Oxidizers, acids and flammable toxics.
Nitric acid, mercury, you name it.
Toxic being the linking word between each.
Chemicals no longer used by Beatrice Public Schools science classes, bottles and containers gathering dust on the shelves of storage closets and the potential danger they held for students, staff and community members have been removed from classrooms.
Clean Harbors, a hazardous waste disposal company based in Massachusetts, cleared 320 pounds of chemicals no longer being used in science courses and their containers Monday at Beatrice High School and Beatrice Middle School.
The program was a joint effort between Keep Nebraska Beautiful, the Nebraska Department of Environmental Quality and the Nebraska Department of Education.
Alan Grell of Keep Nebraska Beautiful, said the program, the Nebraska Chemical Clearout Campaign, has been increasing the safety of schools for nearly eight years.
“In about 2004-2005, we got a bunch of agencies together to look at one, is there a need in Nebraska for this program and two, is there a will to execute it?” Grell explained.
Keep Nebraska Beautiful received a grant through the Environmental Protection Agency for $150,000 that allowed the organization to begin public service announcements and write education materials with regards to disposing of chemical waste in schools.
“Right now, we’re at the neighborhood of $1 million. It’s expensive to get rid of these products,” Grell said.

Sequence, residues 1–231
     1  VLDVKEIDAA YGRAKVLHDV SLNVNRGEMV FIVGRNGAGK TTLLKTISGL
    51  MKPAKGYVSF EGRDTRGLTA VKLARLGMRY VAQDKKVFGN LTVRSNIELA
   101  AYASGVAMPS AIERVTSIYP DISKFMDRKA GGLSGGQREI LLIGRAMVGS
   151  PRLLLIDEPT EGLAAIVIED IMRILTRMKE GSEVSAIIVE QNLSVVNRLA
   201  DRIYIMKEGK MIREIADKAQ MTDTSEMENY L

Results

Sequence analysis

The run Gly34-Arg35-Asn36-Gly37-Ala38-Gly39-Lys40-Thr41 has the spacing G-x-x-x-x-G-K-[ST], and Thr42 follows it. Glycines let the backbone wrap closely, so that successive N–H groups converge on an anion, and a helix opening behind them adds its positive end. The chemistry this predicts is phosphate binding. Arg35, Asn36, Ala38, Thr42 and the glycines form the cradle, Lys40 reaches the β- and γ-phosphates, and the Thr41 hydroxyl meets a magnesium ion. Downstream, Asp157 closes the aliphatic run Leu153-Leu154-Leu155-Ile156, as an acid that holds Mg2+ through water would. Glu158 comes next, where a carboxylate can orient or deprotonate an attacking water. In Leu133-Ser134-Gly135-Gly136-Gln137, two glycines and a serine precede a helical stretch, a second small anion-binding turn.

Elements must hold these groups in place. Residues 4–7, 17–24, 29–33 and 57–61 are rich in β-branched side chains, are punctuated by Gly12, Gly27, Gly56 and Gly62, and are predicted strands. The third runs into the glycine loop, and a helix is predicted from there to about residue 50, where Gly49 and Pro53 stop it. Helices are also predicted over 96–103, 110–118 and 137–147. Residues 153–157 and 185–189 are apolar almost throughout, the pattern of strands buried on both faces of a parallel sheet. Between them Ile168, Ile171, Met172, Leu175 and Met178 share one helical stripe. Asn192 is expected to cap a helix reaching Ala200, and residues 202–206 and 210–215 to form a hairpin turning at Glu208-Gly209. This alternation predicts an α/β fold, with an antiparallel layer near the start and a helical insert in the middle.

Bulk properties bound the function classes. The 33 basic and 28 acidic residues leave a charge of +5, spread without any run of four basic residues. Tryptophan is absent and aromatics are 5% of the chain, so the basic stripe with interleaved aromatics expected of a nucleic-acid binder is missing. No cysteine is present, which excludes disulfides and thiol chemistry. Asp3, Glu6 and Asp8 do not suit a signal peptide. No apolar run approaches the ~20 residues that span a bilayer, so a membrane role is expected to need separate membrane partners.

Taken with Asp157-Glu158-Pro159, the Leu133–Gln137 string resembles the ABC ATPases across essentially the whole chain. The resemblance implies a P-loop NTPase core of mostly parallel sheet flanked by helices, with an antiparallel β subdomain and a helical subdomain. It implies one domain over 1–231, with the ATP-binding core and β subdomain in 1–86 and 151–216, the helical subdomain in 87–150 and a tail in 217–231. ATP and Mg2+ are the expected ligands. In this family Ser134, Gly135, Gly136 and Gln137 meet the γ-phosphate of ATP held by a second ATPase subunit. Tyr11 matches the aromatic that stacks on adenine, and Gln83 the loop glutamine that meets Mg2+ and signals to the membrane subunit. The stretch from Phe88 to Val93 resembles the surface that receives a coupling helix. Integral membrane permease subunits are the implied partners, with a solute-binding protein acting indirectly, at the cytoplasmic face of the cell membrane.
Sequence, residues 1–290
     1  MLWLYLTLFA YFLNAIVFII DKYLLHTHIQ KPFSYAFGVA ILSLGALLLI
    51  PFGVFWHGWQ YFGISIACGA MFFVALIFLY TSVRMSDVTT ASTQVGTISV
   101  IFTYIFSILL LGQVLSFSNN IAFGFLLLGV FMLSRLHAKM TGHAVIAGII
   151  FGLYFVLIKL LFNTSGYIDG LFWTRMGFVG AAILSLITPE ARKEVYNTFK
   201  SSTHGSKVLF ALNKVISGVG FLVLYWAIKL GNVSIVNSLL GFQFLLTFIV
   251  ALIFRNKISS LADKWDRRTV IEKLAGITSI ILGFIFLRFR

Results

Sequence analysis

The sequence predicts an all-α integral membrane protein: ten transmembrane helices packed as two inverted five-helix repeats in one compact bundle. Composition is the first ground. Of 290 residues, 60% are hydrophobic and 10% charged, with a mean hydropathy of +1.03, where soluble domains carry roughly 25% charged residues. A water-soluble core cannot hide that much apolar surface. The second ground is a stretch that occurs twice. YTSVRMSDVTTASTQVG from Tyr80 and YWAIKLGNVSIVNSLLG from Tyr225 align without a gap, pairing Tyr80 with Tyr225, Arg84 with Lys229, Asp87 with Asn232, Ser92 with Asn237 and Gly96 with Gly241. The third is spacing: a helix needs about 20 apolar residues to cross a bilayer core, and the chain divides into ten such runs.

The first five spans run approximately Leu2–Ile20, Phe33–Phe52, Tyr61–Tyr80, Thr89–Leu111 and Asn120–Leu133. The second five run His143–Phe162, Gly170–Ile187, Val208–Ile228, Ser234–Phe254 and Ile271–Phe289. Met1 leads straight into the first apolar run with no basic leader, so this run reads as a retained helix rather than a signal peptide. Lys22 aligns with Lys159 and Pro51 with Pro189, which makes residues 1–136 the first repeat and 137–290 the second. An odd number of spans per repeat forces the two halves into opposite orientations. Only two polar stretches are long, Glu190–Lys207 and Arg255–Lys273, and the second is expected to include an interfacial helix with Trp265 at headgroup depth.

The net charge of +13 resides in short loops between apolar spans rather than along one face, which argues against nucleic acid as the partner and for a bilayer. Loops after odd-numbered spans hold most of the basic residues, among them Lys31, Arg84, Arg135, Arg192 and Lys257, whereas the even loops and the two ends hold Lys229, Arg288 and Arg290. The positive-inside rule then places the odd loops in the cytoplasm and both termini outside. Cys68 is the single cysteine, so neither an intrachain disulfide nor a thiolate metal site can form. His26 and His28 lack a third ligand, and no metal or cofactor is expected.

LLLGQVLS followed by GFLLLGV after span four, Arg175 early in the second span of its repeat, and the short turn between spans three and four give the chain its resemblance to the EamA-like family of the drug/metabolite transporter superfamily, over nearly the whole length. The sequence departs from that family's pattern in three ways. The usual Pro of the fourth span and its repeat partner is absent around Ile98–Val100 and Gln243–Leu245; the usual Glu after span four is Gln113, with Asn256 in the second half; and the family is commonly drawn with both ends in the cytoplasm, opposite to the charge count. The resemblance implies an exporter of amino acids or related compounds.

Clean Harbors removed the materials from Beatrice Monday on a tour of southeast Nebraska, Grell said. The company takes the chemicals to a factory in Arkansas where they are incinerated.
In all, hazardous chemicals no longer being used in classes have been removed from 212 of a targeted 292 schools, including 23 in southeast Nebraska.
BHS science teacher Dr. Joan Christen said many of the chemicals removed from the buildings have not been used in years.
“There were some chemicals in the middle school that were sitting around from the days when it was the high school,” she said.
The school hopes to minimize risk of chemicals in the future by only purchasing chemicals it needs and not stockpiling chemicals that may end up sitting on the shelves.
“In the future, we’re going to order what we need instead of ordering surplus of chemicals,” Christen said. “Plus, some of these chemicals are no longer used in the classroom because our knowledge has expanded and we know some things are not good to use.”
Grell said cleaning out chemical supplies may also have benefits for rescue workers in the event of a fire at the school.
"Now, firefighters will not have to worry about what kind of chemicals they may encounter if the building is on fire," Grell said. "It's just a safety issue all around."